Burnt at the stake – the 2022 “lifestyle” fiasco is no joke.

Over the Christmas period , Japan decided to join the rest of the world and call time on “free money”. You now have to pay to borrow in Japan as you do the rest of the grown world over. I never thought that paying a rate of interest would be news but it is.

Whether you are a mortgage payer or a Government looking to build your pandemic ravaged economy back better, you will have to pay for the money you are borrowing and if you haven’t got savings after getting a free ride for the past ten years, more fool you.

That at least is the tone of the FT’s article tweeted above which poured scorn on those who predicted QE unwinding  would inevitably

“cause financial chaos on a massive scale: bond fund runs, bank collapses, pension fund insolvencies, human sacrifice, dogs and cats living together, mass hysteria”.

Everybody saw this coming it seems, everybody that is except the retirement savers in default funds lifestyling into highly priced bonds which were about to lose up to half their value as people decided they didn’t need to pay for a “guaranteed loss account” (my definition of a bond yielding less than zero), You buy gilts and bonds now and expect to get your money back by redemption.

Everybody saw this coming except the defined benefit pension schemes that had borrowed to get more of the high octane juice that powered ultra low discount rates that pleased the regulator and kept the company’s pension scheme a tamed beast in the garage.

Savers and trustees alike were tied to the stake of highly priced negatively yielding bonds as an article of faith to “financial prudence”.

Well not everyone, look at the returns of some of the master trusts in 2022 and you will see that one or two got out of bonds and kept their defaults invested in growth assets.

Not all DB schemes loaded up on bonds through leveraged LDI and those who didn’t prospered. The LGPS prospered and so did open pension schemes who refused to tie themselves to the stake and be flamed by rising interest rates.

The vomiting camel graph – as the FT Alphaville team call it

So what has become of all the market value that in 2021 ensured that long dated and index linked gilt funds were “top performers” for wealth managers, workplace pensions and the institutional investors in DB schemes.  Whether it be north or south of £500bn, that loss of value is the price of taking the lid off the jar of “free money”.

For the FT Aphaville’s team , the story is that there is no story

now that this era has finally passed, we should take a moment to reflect on how remarkably smooth the demise of negative-yielding debt has been.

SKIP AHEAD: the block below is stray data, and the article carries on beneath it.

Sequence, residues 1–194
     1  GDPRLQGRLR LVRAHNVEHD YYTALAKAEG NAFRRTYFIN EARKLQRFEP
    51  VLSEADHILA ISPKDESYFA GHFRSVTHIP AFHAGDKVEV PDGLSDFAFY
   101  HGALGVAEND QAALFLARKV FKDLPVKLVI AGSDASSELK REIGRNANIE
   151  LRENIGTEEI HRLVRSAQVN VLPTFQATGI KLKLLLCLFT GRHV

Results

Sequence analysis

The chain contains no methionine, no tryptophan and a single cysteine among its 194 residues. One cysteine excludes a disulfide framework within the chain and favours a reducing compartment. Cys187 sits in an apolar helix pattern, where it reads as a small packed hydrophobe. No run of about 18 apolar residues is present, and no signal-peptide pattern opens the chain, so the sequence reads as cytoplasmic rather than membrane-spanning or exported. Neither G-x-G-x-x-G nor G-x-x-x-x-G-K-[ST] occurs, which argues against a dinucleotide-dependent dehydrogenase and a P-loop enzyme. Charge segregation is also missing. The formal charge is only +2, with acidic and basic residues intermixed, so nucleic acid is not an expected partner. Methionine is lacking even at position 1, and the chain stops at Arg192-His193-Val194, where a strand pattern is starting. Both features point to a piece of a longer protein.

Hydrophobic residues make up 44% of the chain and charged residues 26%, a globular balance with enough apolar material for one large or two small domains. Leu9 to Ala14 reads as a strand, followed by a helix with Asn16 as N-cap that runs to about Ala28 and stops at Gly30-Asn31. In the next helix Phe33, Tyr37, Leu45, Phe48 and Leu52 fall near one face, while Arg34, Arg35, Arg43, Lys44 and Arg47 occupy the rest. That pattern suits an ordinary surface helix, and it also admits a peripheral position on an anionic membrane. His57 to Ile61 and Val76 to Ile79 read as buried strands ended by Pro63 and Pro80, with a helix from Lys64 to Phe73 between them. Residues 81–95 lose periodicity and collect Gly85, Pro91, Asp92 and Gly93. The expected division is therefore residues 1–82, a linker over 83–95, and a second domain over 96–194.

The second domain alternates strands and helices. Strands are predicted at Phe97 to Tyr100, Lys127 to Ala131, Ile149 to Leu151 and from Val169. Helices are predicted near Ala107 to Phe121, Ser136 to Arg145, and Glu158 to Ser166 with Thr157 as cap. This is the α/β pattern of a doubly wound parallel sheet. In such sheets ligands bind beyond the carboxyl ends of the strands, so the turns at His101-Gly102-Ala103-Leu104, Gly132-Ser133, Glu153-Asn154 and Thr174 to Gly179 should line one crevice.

Well pension schemes have been keen to promote the silver lining (and not talk about the cloud)

The consolation that we can now mark down the value of our pension liabilities will only give  short-lived respite. The new lean pension schemes are decidedly short of muscle.

As Nigel Wilson told the House of Lords Industry and Regulation Committee, don’t expect to see buy-out pricing coming down, schemes may be technically solvent but they’ve shed more than a few pounds. The insurers are not going to give DB “savers” a Brucey- Bonus out of what’s left of assets they take on over the next few years.

Many DC savers face substantial losses from  lifestyle funds invested in sub-zero yield  bonds in “retirement protection” mode.  DC savers who are at the end of their savings adventure,  deserve an  explanation. If everyone knew that the bond markets were going to be flamed, why were millions of savers tied to the stake in bond based default funds?

The damage done to savers by “lifestyle” funds is serious and irreversible. While the pension industry calls for higher contribution rates, it has serious questions to answer about what it has done with our savings defaults.

About henry tapper

Founder of the Pension PlayPen,, partner of Stella, father of Olly . I am the Pension Plowman
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1 Response to Burnt at the stake – the 2022 “lifestyle” fiasco is no joke.

  1. Richard Bryan says:

    What was the duration of the bonds in the ‘lifestyle’ funds? Surely that should match the expected retirement date, so that those close to retirement should not have experienced much of a loss? Or were standard bond funds used, with a rather longer duration…. in which case why brand them ‘lifestyle’?

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